Overview: The labor management process may include collective bargaining. Collective bargaining is a good-faith effort by an employer and a union to engage in a give and take process to achieve a freely negotiated written contract - also known as a collective bargaining agreement (CBA).
A good faith effort typically includes:
CBAs can provide employees with greater rights then those minimally required by state or federal law. Unions frequently fight to secure rights that are not typically covered under state or federal law - such as seniority criteria, grievance/arbitration procedures, minimum leave of benefits and retirement type of benefits.
During the process of securing a CBA, employers must be careful not to engage in any unfair labor practices, such as refusing to sign the CBA or bargaining exclusively by mail or through the exchange of written proposals only. Generally, once a CBA is signed, an employer cannot make unilateral changes to its terms and conditions. If one party ignores its obligations under the CBA, the other party can request or compel arbitration of the dispute.
Trends: Some CBAs have provisions that address paid leave, provide for leave beyond the 12 weeks of FMLA, address the availability of light duty assignments, or discuss the accrual and use of, or bidding for, paid time off.
Employers with partially or fully unionized workforces should make sure that employees leaves under the FMLA, ADA, state law or employer policy comply with the provisions of any applicable CBA and that the most favorable protections are applied.
Author: Melissa Boyce, JD, Legal Editor
Items such as flame-retardant jackets, hardhats and work gloves that are both designed and used to cover the body and are commonly regarded as articles of dress count as clothes under the Fair Labor Standards Act (FLSA), the Supreme Court ruled in Sandifer v. United States Steel Corp.
The Hours Worked > Clothes-Changing or Washing Under a CBA section of the Employment Law Manual now includes information about what constitutes "clothes" under Section 203(o) of the Fair Labor Standards Act.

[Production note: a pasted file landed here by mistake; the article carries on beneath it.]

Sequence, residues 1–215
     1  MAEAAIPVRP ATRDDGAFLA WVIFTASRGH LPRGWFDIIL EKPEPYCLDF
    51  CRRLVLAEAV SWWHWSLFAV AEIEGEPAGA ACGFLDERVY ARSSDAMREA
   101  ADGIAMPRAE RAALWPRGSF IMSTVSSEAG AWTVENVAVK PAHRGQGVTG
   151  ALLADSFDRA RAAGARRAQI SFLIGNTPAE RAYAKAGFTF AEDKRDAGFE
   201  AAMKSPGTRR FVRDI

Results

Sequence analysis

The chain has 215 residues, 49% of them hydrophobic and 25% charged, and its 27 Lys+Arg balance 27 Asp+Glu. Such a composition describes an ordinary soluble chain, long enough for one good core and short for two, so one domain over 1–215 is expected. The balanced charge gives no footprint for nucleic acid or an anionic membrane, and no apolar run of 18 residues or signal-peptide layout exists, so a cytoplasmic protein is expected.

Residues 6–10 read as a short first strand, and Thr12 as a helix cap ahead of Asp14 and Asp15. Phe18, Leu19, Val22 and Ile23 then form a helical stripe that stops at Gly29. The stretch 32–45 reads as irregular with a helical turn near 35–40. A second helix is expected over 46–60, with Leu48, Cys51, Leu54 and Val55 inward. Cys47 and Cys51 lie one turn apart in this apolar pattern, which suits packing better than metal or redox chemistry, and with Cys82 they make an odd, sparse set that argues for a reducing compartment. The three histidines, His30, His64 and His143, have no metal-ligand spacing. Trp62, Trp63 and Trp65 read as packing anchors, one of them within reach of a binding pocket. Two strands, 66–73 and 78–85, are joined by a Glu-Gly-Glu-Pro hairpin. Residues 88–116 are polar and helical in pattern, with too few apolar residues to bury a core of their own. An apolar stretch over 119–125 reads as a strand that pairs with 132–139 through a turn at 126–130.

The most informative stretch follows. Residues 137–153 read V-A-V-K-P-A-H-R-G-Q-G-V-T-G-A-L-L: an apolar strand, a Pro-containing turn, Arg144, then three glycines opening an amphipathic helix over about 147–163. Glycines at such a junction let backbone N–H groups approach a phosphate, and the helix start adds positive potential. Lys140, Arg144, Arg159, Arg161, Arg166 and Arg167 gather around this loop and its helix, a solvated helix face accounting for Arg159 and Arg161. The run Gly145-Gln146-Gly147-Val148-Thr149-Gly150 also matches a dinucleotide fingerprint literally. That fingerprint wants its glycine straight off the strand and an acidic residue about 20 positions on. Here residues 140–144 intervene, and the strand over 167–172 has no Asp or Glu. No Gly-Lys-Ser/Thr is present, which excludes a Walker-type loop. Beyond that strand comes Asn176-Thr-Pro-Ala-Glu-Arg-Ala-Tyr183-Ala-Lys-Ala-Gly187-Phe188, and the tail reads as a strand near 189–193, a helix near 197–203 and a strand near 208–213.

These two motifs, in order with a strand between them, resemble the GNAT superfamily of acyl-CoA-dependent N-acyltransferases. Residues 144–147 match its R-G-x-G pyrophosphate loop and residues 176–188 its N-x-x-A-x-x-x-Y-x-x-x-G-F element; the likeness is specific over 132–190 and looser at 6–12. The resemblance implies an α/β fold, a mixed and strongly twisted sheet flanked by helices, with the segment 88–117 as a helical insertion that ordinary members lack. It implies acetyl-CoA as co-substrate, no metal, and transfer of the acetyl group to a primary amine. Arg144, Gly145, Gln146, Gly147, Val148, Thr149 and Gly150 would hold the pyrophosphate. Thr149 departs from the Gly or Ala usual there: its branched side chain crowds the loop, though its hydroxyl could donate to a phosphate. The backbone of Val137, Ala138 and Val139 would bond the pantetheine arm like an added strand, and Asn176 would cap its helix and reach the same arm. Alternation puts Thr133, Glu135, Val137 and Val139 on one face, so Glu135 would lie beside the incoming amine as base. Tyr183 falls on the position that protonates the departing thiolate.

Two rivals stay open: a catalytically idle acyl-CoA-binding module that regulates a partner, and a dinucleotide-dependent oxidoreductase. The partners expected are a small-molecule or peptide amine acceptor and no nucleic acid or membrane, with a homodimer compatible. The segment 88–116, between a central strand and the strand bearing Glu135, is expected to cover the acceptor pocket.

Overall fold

The Supreme Court has agreed to review a 7th Circuit Court of Appeals decision that held that requiring Illinois non-union home health care workers to pay a "fair share" of union dues based on a collective bargaining agreement (CBA) does not compel their speech and association with the union in violation of the First Amendment.
California public employers may be required to provide unions operating under an "agency shop" agreement with the home addresses and phone numbers of all employees, even non-union employees, according to a recent California Supreme Court ruling.
In Litton Financial Printing Division v. NLRB, 501 U.S. 190 (1991), the Supreme Court addressed whether a dispute over the layoff of employees which occurred well after the expiration of the collective bargaining agreement must be arbitrated nonetheless under the arbitration provision of the then-expired collective bargaining agreement.
If Congress and the White House do not reach a deal on the sequestration,employers with federal contracts should be prepared to take immediate action to deal with drastic cuts in government spending that will result. Federal contractors should anticipate how the sequestration will directly affect their workplace with respect to complying with Worker Adjustment and Retraining Notification (WARN) Act, wage and hour requirements, benefits and immigration status as well as unions and collective bargaining agreement issues. Employers should also expect possible lawsuits from workers laid off due to spending cuts.
The Supreme Court has agreed to hear Sandifer v. United States Steel Corp. and resolve a split in the circuits over what types of clothes-changing may be excluded from working time under section 203(o) of the Fair Labor Standards Act (FLSA).
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HR guidance on collective bargaining agreements.